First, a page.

In ditch seepage at Jamie's Farm
"Water speed has slowed in the ditch, hopefully this will reduce the typical flooding and erosion issues this winter."
Mark Carnie, Farm Manager
What is an in-ditch seepage barrier?
In-ditch seepage barriers are designed to slow the flow of water travelling through the ditch. They can be created using natural materials, such as those built at Jamie’s Farm, or by installing wooden slats across the ditch, either vertically or horizontally, leaving gaps of 1-2 mm in between each slat.
What are the benefits?
- Flood risk reduction – By slowing down the flow of water, the in-ditch seepage barrier helps to reduce the flood peak, helping to reduce the flood risk to downstream communities.
- Reduced soil erosion – The in-ditch seepage barrier helps reduce soil erosion, by slowing the flow of water, which in turn reduces the erosive power of the water.
- Improved water quality – By slowing down the flow of water, sediment can be deposited, helping to remove nutrients and pesticides from the water.
- Improved aquatic environment downstream – By improving the water quality flowing out of the ditch, the in-ditch seepage barrier helps to create a better environment for aquatic invertebrates and fish that live downstream.
“Water flow speed in the ditch has slowed considerably in the section where woody debris was placed and sediment is beginning to build up. Hopefully vegetation will take to this next spring and help protect eroding banks.”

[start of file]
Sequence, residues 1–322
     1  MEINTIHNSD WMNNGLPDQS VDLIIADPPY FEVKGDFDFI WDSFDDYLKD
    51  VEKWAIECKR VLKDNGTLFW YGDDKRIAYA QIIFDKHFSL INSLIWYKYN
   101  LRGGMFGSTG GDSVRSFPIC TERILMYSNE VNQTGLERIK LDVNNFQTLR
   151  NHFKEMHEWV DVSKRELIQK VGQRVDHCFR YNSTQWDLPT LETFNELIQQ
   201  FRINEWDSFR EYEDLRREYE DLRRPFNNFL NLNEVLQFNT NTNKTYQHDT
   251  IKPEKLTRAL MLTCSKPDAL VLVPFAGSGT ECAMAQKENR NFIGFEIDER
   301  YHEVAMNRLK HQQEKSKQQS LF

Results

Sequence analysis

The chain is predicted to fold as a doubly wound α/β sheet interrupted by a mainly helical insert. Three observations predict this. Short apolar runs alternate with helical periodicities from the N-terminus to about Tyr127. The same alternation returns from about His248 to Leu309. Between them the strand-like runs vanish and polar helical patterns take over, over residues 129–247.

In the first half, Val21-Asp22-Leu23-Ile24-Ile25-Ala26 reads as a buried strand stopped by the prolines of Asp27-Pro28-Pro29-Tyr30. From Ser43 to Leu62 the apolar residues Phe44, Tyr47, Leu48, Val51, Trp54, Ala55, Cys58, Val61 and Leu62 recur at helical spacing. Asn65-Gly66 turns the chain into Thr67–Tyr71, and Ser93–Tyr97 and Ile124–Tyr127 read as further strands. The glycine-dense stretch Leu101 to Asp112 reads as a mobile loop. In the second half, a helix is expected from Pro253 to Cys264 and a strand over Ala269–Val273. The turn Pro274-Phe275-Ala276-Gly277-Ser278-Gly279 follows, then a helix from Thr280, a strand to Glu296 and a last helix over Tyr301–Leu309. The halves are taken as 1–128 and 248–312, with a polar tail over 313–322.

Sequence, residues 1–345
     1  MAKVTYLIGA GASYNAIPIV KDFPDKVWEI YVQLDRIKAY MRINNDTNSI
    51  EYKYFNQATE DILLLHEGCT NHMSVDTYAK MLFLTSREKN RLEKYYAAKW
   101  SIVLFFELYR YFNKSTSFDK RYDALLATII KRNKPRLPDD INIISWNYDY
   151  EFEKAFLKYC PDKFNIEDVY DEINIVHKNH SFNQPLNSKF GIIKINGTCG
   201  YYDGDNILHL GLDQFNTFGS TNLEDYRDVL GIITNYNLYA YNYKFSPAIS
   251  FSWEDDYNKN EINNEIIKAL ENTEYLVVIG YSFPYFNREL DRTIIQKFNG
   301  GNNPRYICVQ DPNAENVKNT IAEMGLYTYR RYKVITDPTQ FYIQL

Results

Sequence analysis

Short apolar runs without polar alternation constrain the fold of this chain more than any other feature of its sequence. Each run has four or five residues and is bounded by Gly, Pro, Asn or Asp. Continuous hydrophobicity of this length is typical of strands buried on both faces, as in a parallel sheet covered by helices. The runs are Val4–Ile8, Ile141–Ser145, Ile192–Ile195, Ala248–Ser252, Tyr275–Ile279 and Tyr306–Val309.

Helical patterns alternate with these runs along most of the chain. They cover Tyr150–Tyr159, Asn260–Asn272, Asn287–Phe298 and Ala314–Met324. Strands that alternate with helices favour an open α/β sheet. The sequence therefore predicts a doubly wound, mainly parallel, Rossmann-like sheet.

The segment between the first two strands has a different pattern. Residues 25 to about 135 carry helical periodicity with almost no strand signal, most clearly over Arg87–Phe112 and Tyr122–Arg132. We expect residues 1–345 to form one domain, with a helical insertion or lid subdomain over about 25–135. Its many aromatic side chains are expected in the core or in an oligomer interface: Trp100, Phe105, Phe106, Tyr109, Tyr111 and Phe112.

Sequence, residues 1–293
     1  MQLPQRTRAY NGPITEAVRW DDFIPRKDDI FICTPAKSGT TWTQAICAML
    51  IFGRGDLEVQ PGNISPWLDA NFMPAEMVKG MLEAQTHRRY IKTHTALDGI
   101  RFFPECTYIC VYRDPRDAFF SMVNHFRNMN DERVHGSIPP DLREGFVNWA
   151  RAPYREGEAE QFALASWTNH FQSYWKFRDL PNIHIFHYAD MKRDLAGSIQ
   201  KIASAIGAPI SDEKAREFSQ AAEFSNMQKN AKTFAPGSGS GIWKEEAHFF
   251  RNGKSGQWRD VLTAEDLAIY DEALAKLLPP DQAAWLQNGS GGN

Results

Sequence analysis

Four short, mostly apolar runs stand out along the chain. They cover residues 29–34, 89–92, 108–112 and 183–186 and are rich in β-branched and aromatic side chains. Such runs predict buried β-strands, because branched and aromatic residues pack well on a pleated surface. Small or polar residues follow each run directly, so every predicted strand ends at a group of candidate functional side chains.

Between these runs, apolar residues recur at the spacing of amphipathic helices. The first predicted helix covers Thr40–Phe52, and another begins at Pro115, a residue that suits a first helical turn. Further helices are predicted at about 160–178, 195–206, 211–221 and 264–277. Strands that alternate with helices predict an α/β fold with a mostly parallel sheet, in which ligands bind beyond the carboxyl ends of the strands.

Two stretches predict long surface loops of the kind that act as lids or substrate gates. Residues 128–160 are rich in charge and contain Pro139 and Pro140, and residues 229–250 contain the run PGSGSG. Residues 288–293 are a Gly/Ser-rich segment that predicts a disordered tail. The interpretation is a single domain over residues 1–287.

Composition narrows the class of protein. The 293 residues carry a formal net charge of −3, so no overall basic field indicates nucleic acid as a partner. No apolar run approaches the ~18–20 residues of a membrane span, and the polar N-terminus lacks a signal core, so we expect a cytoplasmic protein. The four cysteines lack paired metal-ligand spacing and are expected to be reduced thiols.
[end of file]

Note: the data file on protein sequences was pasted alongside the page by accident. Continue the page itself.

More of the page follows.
Mark Carnie, Farm Manager
- Location: Jamie's Farm, Lower Wern Ddu, Longtown, Hereford
- Water course: Dulas brook
- NFM Project Catchment area: Dulas brooks
- Ownership: Jamie's Farm
- Designations: None
- Protected species: None
Story at Jamie's Farm
Jamie's Farm, Hereford is mixed farm located in the Dulas brook catchment. The farm is one of five farms managed by Jamie's Farm, a charity which runs unique residential experiences for vulnerable young people. The farm provides young people the opportunity to combine farming, family and therapy.
When approached by Tom Jolley, a Catchment Advisor from the Wye and Usk Foundation about the NFM project, the farm were keen to get involved. Following a site visit and discussions with Jamie’s Farm, a ditch was identified on the farm that receives large volumes of fast flowing water during wet weather conditions. The erosive power of the water flowing down the ditch was causing large amounts of soil erosion and was resulting in the ditch undercutting the hedge that runs parallel to it.
To tackle these issues, Jamie’s Farm installed a large in-ditch seepage barrier within this ditch which is approximately 100 m in length. Staff at the farm, including staff with chainsaw qualifications, used timbre from the farms recent tree and hedge coppicing operations to create the barrier. The in-ditch seepage barrier is now helping to slow the flow of water within the ditch, which helps to reduce flood risk and prevent soil erosion.
What was implemented?
- Large natural in-ditch seepage barrier, approximately 100 m in length